Usually, winning a money judgment in court is meaningful. While it might just look like a piece of paper (or a PDF on a screen), it ordinarily is a powerful tool. If the losing party refuses to pay, you can use that piece of paper to command the sheriff to seize his property to satisfy the judgement. But that is not true when your judgment is against the State of Louisiana or one of its political subdivisions. Louisiana and its political subdivisions are sued all the time. The types of claims people bring against the State or a political subdivision are diverse. For instance, sometimes people allege that State employees damages their property or that a city unlawfully collected fines. But even when these claims have merit, almost all of these people run into the same problem: the Louisiana Constitution bars the seizure of public funds or property to satisfy a judgment against the State or one of its political subdivisions. Instead, judgment holders must wait for the Legislature or political subdivision to appropriate funds to pay their judgments. And the Louisiana Supreme Court has ruled that no court can force the Legislature to take that action. So while someone might obtain a money judgment against the State or one of its political subdivisions, enforcement is often elusive. Many plaintiffs have tried to recast their grievances as “takings” claims under the Fifth Amendment of the United States Constitution, which would potentially allow them to trump Louisiana’s constitution and collect on their judgments. But in two recent opinions, the U.S. Fifth Circuit has rejected their efforts and (sympathetically) told the plaintiffs that there is nothing to be done.
The first such case, where I happened to represent the defendant, involved New Orleans homeowners who alleged that their homes were damaged as a result of the Sewerage and Water Board’s flood control construction in Uptown New Orleans. Ariyan, Inc. v. Sewerage & Water Bd. of New Orleans, 29 F.4th 226 (5th Cir. 2022). The homeowners won judgments in state court amounting to approximately $10.5 million. But then they had to find a way to collect on these judgments.
The homeowners rushed to federal court and filed claims arguing that the SWB’s failure to promptly pay the judgments amounted to a “secondary taking” prohibited by the Fifth Amendment. The district court and Fifth Circuit both agreed that this theory did not hold water. Bound by 19th century U.S. Supreme Court precedent, the court recognized that while a money judgment is considered property, it is merely an “existing liability” conceptually distinct from its collection. The Fifth Circuit also acknowledged that more recently it had recognized that “the property right created by a judgment against a government entity is not a right to payment at a particular time but merely the recognition of a continuing debt of that government entity.” With those precedents in mind, the Fifth Circuit “underst[oo]d the Plaintiffs’ frustration,” but held that they had failed to allege takings claims recognized by the Fifth Amendment.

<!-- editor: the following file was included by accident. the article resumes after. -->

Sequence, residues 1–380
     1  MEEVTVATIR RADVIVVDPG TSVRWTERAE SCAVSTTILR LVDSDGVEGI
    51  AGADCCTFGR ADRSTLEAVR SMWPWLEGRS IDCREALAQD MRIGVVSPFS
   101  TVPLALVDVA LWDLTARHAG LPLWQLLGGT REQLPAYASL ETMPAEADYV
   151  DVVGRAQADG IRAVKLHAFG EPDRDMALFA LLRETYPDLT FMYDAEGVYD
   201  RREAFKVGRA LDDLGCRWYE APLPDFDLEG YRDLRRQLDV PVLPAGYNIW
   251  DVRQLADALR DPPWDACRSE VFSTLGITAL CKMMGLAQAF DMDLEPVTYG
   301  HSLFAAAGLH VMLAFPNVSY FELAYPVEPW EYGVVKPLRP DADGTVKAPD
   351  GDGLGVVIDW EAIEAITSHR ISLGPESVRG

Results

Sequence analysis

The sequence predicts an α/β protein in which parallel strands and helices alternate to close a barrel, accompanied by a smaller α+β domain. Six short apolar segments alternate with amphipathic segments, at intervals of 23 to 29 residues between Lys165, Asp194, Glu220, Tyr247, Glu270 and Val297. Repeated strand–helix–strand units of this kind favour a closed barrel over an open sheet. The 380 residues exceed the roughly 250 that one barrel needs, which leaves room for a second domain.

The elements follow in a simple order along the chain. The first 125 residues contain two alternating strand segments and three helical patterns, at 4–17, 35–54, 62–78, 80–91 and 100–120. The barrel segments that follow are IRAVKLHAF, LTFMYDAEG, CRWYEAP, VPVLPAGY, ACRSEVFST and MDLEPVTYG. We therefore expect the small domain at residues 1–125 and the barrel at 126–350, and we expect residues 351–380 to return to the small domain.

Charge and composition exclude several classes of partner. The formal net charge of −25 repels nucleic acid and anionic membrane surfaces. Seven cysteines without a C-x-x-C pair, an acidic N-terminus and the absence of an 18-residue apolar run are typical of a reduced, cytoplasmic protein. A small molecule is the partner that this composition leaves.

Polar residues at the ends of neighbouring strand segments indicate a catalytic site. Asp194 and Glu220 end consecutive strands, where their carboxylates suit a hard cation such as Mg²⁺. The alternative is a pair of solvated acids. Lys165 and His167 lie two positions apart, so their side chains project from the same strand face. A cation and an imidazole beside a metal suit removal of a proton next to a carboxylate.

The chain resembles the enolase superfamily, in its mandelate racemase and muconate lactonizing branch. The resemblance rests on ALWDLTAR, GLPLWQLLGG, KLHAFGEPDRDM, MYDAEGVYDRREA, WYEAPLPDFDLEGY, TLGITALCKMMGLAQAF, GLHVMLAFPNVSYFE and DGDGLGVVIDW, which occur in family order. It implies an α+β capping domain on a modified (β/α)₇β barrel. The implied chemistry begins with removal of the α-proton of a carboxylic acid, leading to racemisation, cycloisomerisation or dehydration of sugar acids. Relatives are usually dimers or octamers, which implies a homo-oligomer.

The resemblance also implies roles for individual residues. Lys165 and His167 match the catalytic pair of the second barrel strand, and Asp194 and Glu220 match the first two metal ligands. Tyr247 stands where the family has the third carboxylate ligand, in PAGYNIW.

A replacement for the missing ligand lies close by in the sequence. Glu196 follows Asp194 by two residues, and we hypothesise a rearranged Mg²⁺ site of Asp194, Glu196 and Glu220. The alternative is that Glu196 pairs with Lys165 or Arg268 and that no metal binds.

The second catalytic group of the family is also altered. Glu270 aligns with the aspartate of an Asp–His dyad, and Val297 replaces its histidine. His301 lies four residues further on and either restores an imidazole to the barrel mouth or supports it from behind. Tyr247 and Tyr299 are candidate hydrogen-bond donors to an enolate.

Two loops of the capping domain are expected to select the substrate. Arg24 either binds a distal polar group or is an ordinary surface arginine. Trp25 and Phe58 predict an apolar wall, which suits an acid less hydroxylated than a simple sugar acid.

A similar case once again made it to the Fifth Circuit shortly thereafter. In Lafaye v. City of New Orleans, No. 21-30358 (5th Cir. June 1, 2022), the plaintiffs sought to collect on state court judgments emanating from the City’s controversial Automated Traffic Enforcement System (“ATES”) program. The program used the mail to collect fines for traffic violations captured by street cameras. Citizens challenged the legality of the program, and the Louisiana courts ultimately ruled in favor of the citizens and ordered the immediate refund of all fines and fees collected under the program.
But the city never refunded the fines and the plaintiffs sued in federal court, contending that the city violated the Fifth and Fourteenth Amendments by confiscating their property and keeping it without just compensation. Nevertheless, the Fifth Circuit held that “an exaction of money that is completely unlawful, whether compensated or not, is not a taking.” Thus, the federal court also rebuffed the plaintiffs’ attempts to collect on their judgments.
While these cases are in line with prior jurisprudence, they further clarify the extremely limited options plaintiffs have to enforce money judgments against the State or any of its political subdivisions. The Louisiana Constitution prohibits seizure, and federal courts will usually not intervene. Unpaid judgments of course can affect credit and bond ratings and can also create PR problems for politicians. But that’s little solace to plaintiffs left with nothing more than a piece of paper. It will be interesting to see if these rulings affect the number of claims made against the State and the number of attorneys who are willing to gamble on them with such long odds on collection.